Spending a year in the small town of Wolfeboro, N.H. (population: 6,400) wasn’t a move Camden had intended to make before COVID, but the uncertain future of the 2020-21 season and whether or not Archbishop Carroll would even be open made him look for his best possible option to get ready for high-level college hoops. After missing his entire 17U summer with Team Final on the Nike EYBL circuit, Camden thought the daily competition on the deep Brewster program would be a suitable backup plan even if the team wasn’t able to play any games.

“I didn’t want to be in that same situation where I’m just trying to find gyms to work out at by myself and doing online school, I wanted to go somewhere where I would still be able to compete,” he said. “And even if there wasn’t a season up here, I’d still be going against ten Division I guys in practice every day.”

Camden’s best and most noticeable asset is his ability to shoot the ball from the perimeter, with a wide-stanced shot that looks like he’s guiding the ball right towards the hoop rather than chucking it up towards the sky. He’s improved his ability to attack the basket and finish through contact over the years, but he’s still got work to do on his body to get ready to absorb the kind of physicality he’ll take at the next level. 

“I think the one that that jumps out is his passion for the game, his work ethic,” Smith said. “He’s someone that loves to be in the gym, loves to be in the weight room. I think as he continues to develop his strength, it’ll really pay dividends to his overall game.”

Camden is part of a three-man 2021 class which is ranked No. 9 in the country by 24/7 Sports, which rated Hardaway’s first recruiting class in 2019 the No. 1 class in the country. Along with Camden, the Tigers have commitments from two other wings, Josh Minott (St. Andrew’s School, Fl.) and Jordan Nesbitt (St. Louis Christian Academy, Mo.).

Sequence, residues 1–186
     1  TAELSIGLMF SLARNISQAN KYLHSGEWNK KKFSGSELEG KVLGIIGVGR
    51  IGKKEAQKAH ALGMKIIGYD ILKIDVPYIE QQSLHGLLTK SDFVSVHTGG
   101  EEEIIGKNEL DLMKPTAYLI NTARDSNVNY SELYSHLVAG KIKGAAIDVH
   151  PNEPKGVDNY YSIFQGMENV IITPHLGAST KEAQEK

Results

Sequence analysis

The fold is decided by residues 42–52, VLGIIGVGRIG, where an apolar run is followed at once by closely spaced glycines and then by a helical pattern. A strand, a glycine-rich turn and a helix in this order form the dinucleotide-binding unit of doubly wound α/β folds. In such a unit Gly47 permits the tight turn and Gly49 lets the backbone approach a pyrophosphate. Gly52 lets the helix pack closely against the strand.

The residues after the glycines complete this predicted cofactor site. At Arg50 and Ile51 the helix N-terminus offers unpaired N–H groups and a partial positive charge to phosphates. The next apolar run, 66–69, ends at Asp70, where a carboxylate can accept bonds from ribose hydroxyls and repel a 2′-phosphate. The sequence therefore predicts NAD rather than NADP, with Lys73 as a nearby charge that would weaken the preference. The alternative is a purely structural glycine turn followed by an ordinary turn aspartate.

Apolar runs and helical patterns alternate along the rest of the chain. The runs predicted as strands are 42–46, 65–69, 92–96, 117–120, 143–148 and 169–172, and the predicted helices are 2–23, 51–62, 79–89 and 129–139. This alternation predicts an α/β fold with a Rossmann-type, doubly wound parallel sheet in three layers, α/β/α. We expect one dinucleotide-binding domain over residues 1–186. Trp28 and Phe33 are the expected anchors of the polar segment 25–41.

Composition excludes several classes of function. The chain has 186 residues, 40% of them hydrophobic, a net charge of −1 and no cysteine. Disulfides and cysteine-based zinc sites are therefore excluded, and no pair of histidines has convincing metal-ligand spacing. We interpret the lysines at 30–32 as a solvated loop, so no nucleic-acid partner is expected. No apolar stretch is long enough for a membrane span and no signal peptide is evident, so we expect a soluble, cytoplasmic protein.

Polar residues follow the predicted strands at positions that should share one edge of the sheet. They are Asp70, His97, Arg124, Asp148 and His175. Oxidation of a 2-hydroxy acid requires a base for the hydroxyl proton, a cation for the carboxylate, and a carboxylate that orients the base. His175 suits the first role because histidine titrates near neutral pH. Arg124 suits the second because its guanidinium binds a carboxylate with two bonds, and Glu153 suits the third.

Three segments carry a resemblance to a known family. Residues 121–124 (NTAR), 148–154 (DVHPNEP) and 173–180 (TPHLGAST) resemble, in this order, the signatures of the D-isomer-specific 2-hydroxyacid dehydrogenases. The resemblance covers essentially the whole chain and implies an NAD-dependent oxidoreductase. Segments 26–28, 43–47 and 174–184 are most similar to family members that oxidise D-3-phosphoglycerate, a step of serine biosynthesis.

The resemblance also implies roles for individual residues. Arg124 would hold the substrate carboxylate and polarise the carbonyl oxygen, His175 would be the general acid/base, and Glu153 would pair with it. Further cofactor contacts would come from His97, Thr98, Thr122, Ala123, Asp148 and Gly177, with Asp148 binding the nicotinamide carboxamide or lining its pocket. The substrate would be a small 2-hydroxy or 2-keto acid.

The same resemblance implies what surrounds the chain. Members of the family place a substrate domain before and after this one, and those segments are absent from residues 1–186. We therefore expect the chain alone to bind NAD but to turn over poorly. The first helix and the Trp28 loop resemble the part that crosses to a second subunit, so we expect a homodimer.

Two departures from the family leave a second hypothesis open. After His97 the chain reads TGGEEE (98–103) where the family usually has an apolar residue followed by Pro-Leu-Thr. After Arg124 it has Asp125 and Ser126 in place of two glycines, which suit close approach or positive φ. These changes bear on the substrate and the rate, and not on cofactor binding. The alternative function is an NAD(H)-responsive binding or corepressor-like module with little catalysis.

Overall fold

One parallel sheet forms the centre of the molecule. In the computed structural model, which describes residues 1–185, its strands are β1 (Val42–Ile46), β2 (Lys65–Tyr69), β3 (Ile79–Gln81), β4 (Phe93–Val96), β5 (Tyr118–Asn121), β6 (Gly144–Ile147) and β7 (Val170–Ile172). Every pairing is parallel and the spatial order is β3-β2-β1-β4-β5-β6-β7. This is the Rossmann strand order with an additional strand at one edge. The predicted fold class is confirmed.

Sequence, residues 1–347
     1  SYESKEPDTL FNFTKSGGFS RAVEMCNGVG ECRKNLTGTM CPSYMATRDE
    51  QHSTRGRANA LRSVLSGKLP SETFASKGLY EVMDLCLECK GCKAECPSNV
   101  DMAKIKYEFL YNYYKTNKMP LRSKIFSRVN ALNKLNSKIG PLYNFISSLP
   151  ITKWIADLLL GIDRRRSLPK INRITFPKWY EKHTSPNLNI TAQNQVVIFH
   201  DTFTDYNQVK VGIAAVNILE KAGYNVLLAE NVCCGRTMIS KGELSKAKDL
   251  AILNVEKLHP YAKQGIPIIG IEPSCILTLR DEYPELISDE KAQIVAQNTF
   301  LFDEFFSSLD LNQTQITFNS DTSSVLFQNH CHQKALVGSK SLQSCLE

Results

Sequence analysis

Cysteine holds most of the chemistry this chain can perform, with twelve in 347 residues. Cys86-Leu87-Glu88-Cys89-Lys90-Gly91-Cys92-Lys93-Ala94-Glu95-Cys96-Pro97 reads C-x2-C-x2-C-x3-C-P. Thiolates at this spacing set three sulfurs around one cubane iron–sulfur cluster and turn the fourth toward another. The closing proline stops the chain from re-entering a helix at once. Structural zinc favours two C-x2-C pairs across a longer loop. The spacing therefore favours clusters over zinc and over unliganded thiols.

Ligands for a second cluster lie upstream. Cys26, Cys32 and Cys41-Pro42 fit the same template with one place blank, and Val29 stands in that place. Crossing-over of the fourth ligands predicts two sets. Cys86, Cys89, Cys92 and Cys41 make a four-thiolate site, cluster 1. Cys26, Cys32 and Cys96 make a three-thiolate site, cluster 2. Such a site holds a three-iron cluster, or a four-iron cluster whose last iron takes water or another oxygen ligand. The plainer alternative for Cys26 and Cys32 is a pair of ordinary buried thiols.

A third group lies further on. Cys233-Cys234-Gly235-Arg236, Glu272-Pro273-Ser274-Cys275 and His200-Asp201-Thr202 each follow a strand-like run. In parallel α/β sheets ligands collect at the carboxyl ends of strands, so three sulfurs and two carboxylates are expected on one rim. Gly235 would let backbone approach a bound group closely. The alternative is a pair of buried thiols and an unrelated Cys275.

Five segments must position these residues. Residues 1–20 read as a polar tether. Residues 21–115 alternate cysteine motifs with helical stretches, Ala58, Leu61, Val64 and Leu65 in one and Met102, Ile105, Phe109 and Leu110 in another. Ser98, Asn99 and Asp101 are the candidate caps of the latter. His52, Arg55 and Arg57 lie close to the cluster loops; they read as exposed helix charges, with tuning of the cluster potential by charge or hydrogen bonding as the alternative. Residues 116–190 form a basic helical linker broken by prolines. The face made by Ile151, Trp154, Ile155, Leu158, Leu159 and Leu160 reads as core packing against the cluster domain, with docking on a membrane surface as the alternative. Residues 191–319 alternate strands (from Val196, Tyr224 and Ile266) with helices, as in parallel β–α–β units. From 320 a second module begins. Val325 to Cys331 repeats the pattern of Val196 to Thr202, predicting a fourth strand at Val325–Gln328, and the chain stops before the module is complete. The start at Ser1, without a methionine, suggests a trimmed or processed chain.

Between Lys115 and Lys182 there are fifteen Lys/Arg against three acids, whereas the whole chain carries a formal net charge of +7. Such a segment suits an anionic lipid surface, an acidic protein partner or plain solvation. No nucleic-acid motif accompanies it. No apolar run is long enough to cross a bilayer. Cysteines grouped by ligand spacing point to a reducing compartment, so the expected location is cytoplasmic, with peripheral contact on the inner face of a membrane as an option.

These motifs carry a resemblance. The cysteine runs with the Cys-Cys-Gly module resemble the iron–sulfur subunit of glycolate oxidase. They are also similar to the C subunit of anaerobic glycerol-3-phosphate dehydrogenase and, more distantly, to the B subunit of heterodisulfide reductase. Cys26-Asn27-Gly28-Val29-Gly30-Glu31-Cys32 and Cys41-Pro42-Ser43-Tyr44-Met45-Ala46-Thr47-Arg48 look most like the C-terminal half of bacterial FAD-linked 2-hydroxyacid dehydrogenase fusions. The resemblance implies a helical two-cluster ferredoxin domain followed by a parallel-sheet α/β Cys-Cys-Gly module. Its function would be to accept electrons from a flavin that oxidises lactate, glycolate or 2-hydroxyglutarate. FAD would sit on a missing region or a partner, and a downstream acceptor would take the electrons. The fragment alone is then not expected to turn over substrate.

As a consensus top-150 player in his class who’s been on high-major radars ever since he was a freshman at Westtown, one might think Camden is used to those kinds of mentions. 

“Oh, no,” he said. “It’s dope. Once you get to college, obviously, all that ranking stuff is done, none of it matters whatsoever. But it’s still really cool to know going in that you have one of the best classes in the country. And I guarantee we’ll be closer to the top five when it’s all said and done.”

Though Minott (6-8, 175) and Nesbitt (6-6, 180) are similar in size and length to Camden, he wasn’t concerned about the squeeze for minutes on the perimeter. 

“They have that Brad Stevens/Boston Celtics mindset where they have Gordon Hayward, Jayson Tatum and Jaylen Brown on the floor, so they’re totally comfortable and actually prefer playing with three if not four tall guards or wings on the floor at the same time,” he said. 

Camden said he’s considering majoring in broadcasting, just like his sister Anna, a sophomore at Penn State on their women’s basketball team. They come from a family of athletes: their sisters Meg (Ohio State) and Heather (Drexel) both played college lacrosse, and their mom Susan played hoops at William & Mary.

Though they’ll surely travel plenty to see their youngest child play, Camden’s family will also get a chance to see him locally. As a member of the American Athletic Conference, Memphis will visit Temple at least every other season; the Tigers didn’t come to Philadelphia this past season but had in each of the previous four years. 

“That’s definitely a plus for sure,” he said. “I know all my friends and family will be at those games, not to mention I’m just playing in Philly, where I grew up playing.”